Getting my Intermediate Amateur Radio License 1

rsgb-intermediate-license-cover Following on from getting my foundation amateur radio license in January i wanted to continue my learning and go for the Intermediate license.

I took the exam on the 2nd March and passed pretty well with a score of 41/45. I’m now the proud owner of the call sign 2E0JCQ. Below i’ve outlined what’s involved in taking the step up from the foundation to intermediate level.

There are two components to getting the intermediate license:

  • Multiple choice exam (45 questions, 1.25 hours)
  • Practical assessments:
    • Wiring a plug
    • Making an antenna feeder cable
    • Calibrate a Variable Frequency Oscillator (VFO)
    • Building a radio related kit

So, what are the benefits of getting the intermediate license if you already have the foundation?

  • Increased transmitting power (up to 50W from 10W allowed for the foundation license)
  • Access to all amateur radio bands
  • No restriction on construction/repair/modification of equipment (you can design your own transmitters)
  • Remote operation
  • Unattended beacon operation

I decided to do things the awkward way and do the practical element before i had even got my foundation license, back in November last year! This was a little hard going as you need to have learnt the theory of electrical theory before you can really appreciate the practical exercises. I did however manage to pass the assessments, but i was certainly glad i wasn’t taking the exam on the same day!

In preparation for the exam i had been revising from the RSGB’s Intermediate License: Building on the Foundation. This is quite different from the Foundation book in that the content is certainly of a more technical nature. It covers the foundations of electronics and how various radio circuits work, all interesting stuff but a definite step up from the foundation level.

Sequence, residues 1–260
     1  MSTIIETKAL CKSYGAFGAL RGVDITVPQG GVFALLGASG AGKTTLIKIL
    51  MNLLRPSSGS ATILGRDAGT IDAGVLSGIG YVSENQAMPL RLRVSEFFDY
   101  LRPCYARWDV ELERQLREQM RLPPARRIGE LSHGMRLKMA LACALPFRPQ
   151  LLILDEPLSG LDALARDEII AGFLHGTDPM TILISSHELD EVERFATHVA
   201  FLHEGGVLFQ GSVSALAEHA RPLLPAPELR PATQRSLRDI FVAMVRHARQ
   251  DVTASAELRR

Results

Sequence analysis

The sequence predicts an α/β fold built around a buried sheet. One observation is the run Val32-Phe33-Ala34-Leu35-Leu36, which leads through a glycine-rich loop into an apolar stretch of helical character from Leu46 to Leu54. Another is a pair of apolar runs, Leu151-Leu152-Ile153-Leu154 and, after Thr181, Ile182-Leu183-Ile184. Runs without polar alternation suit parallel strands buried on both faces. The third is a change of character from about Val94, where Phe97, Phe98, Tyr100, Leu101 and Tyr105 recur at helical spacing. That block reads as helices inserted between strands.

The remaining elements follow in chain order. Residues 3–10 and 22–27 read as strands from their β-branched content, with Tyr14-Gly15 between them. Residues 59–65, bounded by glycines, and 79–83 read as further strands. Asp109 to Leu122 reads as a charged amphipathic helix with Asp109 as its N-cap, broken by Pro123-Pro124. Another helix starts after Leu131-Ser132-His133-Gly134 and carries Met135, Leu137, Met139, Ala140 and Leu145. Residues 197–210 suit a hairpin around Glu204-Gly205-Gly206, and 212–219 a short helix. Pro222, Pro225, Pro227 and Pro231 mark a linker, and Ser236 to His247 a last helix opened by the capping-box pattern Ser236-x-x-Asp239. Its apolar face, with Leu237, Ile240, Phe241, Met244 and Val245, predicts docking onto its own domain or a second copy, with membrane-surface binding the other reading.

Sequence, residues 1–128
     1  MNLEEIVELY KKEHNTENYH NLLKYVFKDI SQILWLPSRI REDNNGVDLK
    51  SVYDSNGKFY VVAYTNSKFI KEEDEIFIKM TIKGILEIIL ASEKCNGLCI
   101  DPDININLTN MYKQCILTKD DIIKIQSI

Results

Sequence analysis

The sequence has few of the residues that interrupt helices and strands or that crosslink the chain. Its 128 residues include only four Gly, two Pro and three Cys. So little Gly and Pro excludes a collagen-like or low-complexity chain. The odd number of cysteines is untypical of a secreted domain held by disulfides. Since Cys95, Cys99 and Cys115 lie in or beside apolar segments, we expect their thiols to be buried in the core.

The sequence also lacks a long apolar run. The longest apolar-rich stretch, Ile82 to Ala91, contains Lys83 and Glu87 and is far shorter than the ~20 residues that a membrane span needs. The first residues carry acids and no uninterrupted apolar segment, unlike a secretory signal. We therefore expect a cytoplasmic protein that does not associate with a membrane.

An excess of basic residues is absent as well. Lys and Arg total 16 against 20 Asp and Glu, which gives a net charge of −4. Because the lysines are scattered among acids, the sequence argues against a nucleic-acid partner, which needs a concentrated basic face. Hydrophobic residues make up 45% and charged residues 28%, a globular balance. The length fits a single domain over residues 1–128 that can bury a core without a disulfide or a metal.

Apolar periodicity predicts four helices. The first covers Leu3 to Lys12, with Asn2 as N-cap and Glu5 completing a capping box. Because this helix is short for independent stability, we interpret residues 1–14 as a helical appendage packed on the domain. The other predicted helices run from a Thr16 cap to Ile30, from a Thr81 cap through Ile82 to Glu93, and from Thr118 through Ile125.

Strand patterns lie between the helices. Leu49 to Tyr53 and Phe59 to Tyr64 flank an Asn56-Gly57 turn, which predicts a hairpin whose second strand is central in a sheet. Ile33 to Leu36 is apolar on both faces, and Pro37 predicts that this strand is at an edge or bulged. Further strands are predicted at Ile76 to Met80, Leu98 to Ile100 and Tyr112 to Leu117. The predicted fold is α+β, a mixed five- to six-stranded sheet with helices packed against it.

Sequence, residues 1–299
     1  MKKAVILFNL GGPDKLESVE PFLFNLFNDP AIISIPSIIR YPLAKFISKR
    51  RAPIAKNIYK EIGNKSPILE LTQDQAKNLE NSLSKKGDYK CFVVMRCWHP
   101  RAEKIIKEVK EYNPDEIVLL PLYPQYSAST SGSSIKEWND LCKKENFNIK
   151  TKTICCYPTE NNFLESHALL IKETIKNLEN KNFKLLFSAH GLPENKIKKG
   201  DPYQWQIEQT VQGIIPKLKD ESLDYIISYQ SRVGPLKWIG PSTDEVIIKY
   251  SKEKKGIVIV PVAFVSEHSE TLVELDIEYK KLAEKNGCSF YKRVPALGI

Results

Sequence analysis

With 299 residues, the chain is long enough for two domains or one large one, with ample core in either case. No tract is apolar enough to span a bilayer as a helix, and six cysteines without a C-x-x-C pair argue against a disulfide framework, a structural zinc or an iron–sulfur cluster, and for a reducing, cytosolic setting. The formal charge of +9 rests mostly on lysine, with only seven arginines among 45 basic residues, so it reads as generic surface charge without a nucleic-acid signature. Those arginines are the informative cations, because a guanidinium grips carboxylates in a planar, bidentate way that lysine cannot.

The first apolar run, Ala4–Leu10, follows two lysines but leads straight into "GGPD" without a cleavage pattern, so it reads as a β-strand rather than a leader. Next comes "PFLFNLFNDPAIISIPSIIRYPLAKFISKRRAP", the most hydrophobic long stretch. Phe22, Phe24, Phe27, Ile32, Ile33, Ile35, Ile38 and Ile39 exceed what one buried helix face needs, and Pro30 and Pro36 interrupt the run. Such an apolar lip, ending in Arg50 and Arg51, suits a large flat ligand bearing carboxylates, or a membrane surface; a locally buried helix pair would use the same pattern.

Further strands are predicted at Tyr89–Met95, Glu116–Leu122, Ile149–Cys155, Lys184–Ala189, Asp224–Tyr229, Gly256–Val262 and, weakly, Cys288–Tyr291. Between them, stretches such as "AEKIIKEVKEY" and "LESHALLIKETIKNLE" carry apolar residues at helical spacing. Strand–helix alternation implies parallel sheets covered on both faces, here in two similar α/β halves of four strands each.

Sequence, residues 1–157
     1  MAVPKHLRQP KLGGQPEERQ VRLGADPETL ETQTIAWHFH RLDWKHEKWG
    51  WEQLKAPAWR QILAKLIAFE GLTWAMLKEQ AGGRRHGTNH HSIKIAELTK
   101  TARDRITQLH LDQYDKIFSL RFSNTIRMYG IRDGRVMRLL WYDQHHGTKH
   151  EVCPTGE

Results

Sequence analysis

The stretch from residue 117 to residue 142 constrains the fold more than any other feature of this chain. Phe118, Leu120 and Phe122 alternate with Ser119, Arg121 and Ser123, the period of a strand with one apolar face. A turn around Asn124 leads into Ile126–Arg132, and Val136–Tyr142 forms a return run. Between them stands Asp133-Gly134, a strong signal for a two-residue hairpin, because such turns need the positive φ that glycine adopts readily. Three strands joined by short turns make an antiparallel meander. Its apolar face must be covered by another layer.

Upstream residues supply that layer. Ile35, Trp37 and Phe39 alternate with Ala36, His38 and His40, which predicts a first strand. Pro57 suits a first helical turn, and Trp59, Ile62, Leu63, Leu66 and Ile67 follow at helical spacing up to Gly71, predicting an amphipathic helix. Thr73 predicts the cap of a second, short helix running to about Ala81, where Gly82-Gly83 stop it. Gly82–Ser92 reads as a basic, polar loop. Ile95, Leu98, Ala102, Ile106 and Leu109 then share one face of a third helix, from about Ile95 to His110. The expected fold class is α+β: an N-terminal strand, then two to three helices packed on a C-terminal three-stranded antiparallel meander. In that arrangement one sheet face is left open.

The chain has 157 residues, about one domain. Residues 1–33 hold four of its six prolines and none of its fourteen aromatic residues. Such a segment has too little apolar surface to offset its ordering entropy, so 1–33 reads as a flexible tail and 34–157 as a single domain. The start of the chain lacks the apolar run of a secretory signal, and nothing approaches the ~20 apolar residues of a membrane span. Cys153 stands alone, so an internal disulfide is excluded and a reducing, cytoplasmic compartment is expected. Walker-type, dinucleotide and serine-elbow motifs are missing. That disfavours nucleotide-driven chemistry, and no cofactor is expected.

So is the Intermediate license enough? No, not yet! I consider this another stepping stone as i approach the final Advanced license. As you might imagine this goes into a lot more depth and includes a fair bit of maths, scientific notation and in depth radio theory. The advanced license has some big benefits though:

  • Full transmitting power (400W)
  • Access to all amateur bands
  • Operate in foreign countries

It’s the last point which is driving me to get the advanced license, i’m unsure of which country i will settle in one day and secondly i like to travel. So, on both counts this will be a useful benefit!

Now, i just need to remember maths lessons from school and find my scientific calculator….

One comment on “Getting my Intermediate Amateur Radio License

  1. Pingback: Advanced License: From Zero to M0 in One Year ← Randomize This!

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